Storytelling has become synonymous with selling. Why? People respond to stories. They’re more engaging than a string of facts, and our brains are wired to respond to storytelling formats.

Consider that billions of people around the world have seen Star Wars. Millions of kids pretend to be Luke Skywalker in their backyards. They don’t practice tabulating spreadsheets or selling stocks—they fight lightsaber battles, imagining themselves as the hero.

Imagine, then, the power of making your prospects the hero in your outbound sales videos. It’s especially effective in business because buildings don’t write checks, people do. Even general counsels have a sense of humor and want to see things that are interesting, and stories are the most time-tested attention-grabbing tactic.

Your Call to (Video) Adventure

Basic storytelling formats haven’t changed in millennia and, by following them, you’ll give your video structure. The outlines of dramatic structure from the Greek philosopher Aristotle still ring true, and are recognizable from Hollywood tropes to the novels you likely read in high school English. They’re easy to apply, and following them can lead to big payoffs from your video sales pitches.

Tell a story, engage a client.

Let’s look at two storytelling structures: Freytag’s Pyramid, and The Hero’s Journey. Anyone who’s watched any DC or Die Hard movies will recognize these structures, even if you didn’t have a name for them. And if these storytelling frameworks net trillions of box office earnings, it stands to reason they might boost sales for you.

In fact, once you start breaking down the parts of stories, you’ll realize you’ve probably been following some of the concepts all along. But if you can streamline your story, and make it even more relevant to your prospect—the hero—your videos can become that much more engaging.

Let’s take an example.

Say you’re selling widgets. You know your widget is 39% lighter than the competition, works 53% faster, costs 13% less, and has 29% more support.

Your client is asleep by now.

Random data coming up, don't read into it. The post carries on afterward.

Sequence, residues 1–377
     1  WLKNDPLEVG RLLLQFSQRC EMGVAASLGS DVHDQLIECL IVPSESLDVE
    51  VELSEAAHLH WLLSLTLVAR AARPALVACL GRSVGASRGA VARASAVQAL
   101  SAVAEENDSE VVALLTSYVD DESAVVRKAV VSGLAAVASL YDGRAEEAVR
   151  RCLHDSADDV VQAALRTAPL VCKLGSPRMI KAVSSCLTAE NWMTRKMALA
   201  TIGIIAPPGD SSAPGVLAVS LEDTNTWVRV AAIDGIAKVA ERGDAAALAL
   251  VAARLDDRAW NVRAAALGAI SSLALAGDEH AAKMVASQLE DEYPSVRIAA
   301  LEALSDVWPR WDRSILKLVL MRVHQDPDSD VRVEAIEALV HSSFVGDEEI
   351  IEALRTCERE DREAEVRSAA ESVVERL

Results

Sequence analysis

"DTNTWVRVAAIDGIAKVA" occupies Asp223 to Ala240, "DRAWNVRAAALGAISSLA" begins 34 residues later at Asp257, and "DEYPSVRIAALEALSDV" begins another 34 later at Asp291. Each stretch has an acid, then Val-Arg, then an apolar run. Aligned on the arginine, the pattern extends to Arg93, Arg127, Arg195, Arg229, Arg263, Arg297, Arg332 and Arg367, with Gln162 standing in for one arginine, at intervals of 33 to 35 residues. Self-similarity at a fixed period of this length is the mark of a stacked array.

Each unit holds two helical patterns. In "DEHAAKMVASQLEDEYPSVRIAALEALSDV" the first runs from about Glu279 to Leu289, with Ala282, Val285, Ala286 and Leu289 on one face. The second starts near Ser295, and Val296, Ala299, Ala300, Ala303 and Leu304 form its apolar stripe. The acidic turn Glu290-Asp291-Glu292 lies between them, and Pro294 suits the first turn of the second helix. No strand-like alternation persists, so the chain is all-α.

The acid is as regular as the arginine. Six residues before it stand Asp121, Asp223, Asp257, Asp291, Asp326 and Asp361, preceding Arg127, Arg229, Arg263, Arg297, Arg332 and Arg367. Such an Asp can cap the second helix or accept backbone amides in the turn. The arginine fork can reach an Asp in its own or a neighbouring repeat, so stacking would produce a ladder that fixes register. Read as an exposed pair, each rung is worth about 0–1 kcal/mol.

But maybe, three years ago you had a friend who struggled with their widget, who complained about the cost, the size, and how frustrated they were because a widget part broke, and they couldn’t get any support to fix it. So you decided to do something about that. And you designed this better, cheaper widget, and have around-the-clock o-call support, and your friend’s company has now doubled their production capacity.

This story fits the structure of Freytag’s Storytelling Pyramid.

Mockup graphic depicting Freytag's Storytelling Pyramid

Mockup of Freytag’s Storytelling Pyramid. Icons by XnimrodX.

In this pyramid:

  • The hero is the business owner who uses widgets
  • The villain is the bad widget maker
  • The rising action is the business owner’s struggle for a working widget
  • The climax is the new widget
  • The falling action/resolution is how much this new widget has helped his business

Do you remember any of those initial stats cited at the start of this section? Probably not. But I bet you remember the story—the problem and the solution.

That’s the power of storytelling in sales. Now let’s look at the Hero’s Journey.

Your Customer is the Hero

As Julianne Sweat of Outreach.io puts it, “Every good sales story nowadays should cast the customer in the hero role. Customers don’t want to be ‘sold’—they want to participate in how the plot unfolds. Focusing on features and benefits is tired and outdated. It’s the customer’s narrative and triumph over adversity that saves the day.”

They want to be Luke Skywalker beating the Dark Side. They want to be John McClane or Wonder Woman, leaping into a fray, being smart, brave, or crafty, and emerging victorious.

The writer Joseph Campbell famously outlined this archetype in his many books examining human nature, culture, and storytelling. He connects the dots from Homer’s Iliad in ancient Greece to almost everything George Lucas has ever touched. (His book, The Power of Myth, is worth a read; the PBS documentary he did in the ‘80s is also worth a watch.)

In short, the hero’s journey is a circle. The hero is called to adventure (broken widgets put their business at risk), they battle the villain (that awful widget-maker), receive supernatural outside help (you!), and return to where they started—changed forever.

Focusing a narrative around a hero—especially with your sales target as the hero in your highly personalized videos—is so ingrained in us that it elicits unconscious agreement. We like it—and here’s the key: This most ancient of all techniques makes us more likely to respond to whoever’s telling it.

To sell better through video, consider:

  • Who is the hero
  • Who or what is the villain or problem
  • Who or what is the solution
  • What exposition showcases how you understand the problem and how you can lead them to a logical conclusion

Even Short Stories Sell

The good news is narratives don’t have to be movie-length to work. If you’ve done the research about your client and mapped out your narrative, you can create an engaging hero’s journey based on the common Freytag or Hero’s Journey model in under a minute.

And if that minute sticks in your target’s mind like the plot of Star Wars, you’re talking about a heroic boost to reponses, conversions, and sales.

Photo of a woman waving at a computer—text reads:

Matt Heinz